It galls me that his druthers
    Forbade a joy that others
    Colliered from the quarry of his ken —
    That the grandness of his vision
    Imposed such self-derision
    On one whose like we may not meet again.

  79. Todd Trimble Says:

    Just a few reminiscences: I met Conway just as he was starting his series of lectures for the Nemmers Prize at Northwestern. I was seated close to the very front, in fact I just behind him before he was about to be introduced, and for some reason we started a conversation. I was immediately struck by his friendliness in engaging with a complete stranger.

    After the talk I found him in the hall and buttonholed him with a mathematics question, which in those days I would pose to anyone that I thought might be able to answer, but never got one. (It wasn’t such an impressive question looking back, but still I could never get an answer.) To my amazement he was answering my question before I even finished asking it! I pressed him if he had a proof, and no, he didn’t have a proof right away, but if I’d be willing to give him a lift to his hotel room, he’d be happy to think about it. Of course we were hardly out of the building when it was all clear to him and he was outlining to me how it would go…

    So there we were in my car, he with a complete stranger, thinking of things to say. He glanced at my car clock which read 5:41 and said, “541, the one hundredth prime!” I asked him how he happened to know that, and he explained that at Princeton he used to compete in speed contests with others in Doomsday calculations, and was getting a little annoyed at how good some of the graduate students were getting, and decided he needed something new to be best at. Only, he decided it would also have to be something that could also be useful to him mathematically, so he settled on factorizing numbers. Obviously as part of that, he would need to know his primes pretty cold, so there you go. He also mentioned that to memorize the primes up to 1000, you’re actually better off memorizing which numbers are non-obviously composite (i.e., not obviously composite based on the usual tricks).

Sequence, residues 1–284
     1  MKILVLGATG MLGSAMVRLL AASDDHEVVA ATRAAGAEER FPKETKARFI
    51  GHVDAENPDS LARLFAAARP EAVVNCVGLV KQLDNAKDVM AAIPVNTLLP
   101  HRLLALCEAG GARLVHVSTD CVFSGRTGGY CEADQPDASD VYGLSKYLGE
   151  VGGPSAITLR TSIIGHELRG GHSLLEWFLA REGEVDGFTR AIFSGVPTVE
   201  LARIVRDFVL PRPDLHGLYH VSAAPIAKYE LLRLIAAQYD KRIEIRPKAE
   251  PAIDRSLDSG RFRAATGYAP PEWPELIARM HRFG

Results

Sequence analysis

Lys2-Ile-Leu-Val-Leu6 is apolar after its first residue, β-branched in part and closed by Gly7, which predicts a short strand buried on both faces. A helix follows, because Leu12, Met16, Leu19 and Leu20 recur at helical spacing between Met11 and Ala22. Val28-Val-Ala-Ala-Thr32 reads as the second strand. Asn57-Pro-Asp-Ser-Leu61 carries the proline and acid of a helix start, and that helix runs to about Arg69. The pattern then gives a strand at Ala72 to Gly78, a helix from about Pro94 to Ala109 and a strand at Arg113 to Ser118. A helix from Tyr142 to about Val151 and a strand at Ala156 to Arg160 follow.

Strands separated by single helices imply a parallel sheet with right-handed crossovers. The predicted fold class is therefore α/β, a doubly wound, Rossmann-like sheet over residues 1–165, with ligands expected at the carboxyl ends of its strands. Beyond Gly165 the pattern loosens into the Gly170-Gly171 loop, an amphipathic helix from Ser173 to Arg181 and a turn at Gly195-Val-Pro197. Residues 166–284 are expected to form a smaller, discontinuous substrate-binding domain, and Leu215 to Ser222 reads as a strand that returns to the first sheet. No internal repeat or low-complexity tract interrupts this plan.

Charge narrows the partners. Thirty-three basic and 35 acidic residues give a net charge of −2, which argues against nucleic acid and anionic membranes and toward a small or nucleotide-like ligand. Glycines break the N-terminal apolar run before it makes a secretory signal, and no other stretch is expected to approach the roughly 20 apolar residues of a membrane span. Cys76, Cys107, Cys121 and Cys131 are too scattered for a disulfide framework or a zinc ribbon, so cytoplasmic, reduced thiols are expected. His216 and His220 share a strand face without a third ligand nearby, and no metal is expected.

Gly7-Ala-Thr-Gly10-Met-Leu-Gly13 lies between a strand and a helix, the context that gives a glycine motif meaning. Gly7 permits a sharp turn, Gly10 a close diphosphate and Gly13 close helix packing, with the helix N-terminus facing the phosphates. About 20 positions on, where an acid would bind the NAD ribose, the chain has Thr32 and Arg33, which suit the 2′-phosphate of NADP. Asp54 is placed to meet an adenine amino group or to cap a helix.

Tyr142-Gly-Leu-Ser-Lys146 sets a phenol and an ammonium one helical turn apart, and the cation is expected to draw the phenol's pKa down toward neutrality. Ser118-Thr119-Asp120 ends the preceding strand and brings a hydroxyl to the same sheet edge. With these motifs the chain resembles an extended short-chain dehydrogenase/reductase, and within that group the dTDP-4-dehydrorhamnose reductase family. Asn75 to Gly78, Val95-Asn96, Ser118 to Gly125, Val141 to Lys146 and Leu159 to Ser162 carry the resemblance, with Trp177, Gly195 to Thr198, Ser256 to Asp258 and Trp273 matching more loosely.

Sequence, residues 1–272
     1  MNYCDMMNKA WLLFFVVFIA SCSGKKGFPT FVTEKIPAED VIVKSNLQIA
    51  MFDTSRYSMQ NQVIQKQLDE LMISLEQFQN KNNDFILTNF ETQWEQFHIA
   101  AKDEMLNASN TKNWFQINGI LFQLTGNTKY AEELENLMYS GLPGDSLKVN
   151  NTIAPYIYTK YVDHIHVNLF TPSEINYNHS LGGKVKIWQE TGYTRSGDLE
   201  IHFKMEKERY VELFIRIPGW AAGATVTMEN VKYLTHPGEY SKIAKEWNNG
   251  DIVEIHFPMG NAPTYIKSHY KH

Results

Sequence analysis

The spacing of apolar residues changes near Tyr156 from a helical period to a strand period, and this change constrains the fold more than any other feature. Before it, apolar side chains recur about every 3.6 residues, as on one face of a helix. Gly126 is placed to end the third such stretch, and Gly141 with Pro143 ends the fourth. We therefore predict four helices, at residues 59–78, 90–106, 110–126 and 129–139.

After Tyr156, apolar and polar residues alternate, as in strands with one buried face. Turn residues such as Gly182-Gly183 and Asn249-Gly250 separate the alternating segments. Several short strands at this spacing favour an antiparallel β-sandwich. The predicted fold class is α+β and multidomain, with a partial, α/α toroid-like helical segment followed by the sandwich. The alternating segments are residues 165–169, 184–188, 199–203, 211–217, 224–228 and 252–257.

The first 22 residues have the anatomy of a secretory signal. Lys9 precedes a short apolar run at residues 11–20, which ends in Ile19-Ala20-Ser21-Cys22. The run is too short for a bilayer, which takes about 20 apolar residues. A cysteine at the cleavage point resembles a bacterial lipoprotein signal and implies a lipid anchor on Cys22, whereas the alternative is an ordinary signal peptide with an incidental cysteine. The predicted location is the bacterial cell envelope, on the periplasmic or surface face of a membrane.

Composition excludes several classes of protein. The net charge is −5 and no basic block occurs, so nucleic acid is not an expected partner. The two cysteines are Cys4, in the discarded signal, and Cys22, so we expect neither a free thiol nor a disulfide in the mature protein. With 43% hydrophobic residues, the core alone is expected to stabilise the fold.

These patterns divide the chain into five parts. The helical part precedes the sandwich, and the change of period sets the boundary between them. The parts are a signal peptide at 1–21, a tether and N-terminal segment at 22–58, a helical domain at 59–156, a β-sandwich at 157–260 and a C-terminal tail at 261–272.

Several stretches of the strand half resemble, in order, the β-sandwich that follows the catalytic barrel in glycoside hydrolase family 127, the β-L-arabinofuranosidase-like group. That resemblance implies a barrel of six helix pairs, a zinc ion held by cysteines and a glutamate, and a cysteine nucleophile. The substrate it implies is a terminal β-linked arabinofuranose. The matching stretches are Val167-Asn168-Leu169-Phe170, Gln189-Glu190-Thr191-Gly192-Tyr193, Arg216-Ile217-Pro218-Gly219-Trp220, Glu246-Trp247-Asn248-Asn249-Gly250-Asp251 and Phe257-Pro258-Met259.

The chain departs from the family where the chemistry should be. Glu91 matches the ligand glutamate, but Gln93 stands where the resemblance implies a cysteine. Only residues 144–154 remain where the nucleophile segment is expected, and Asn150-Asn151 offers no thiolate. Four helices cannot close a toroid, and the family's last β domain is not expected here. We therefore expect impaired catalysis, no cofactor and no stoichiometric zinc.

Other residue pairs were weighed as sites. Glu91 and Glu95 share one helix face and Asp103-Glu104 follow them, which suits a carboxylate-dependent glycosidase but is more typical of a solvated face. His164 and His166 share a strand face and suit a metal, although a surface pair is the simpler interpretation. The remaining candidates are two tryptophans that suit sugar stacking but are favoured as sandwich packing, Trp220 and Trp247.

Maybe a year later or so he came back to Northwestern and was giving a talk on rational tangles, the type of thing Ehud #64 was describing, where four volunteers are holding pieces of rope and creating tangles according to certain rules called “twist” and “turn” (instead of swap and rotate). It’s based on continued fractions – if you keep in your head the rational number as you go along, you can shout out the correct sequence of instructions to get the knot untangled again. At some point I called out “twist”, then called out “turn”… oops, mistake! took it back, “no, I mean twist again!” Immediately he shot back, “like we did last summer?”

  80. Tim Keys Says:

    Cambridge, UK, 1982 — I still remember vividly having supervisions from John Conway. He had an immediate clarity for what maths was really about. For example, I hadn’t really understood why normal subgroups were important until he fished out his Rubic cube and said that the moves that fix the corners formed a normal subgroup and it was natural because you could define it without saying which way round you were holding the cube. And then there was his advice about tackling a difficult problem (“tickle it”), the Klein bottle in his office he kept peanuts in (“it’s rather hard to clean”), the game of talking using only words of one syllable (started just before entering a coffee shop), Conway’s Mornington Crescent (you win if you say “Mornington Crescent” just before your opponent was going to) and the time he gave up trying to find matching socks and went out and bought 28 identical pairs (“they thought I was running an orphanage”).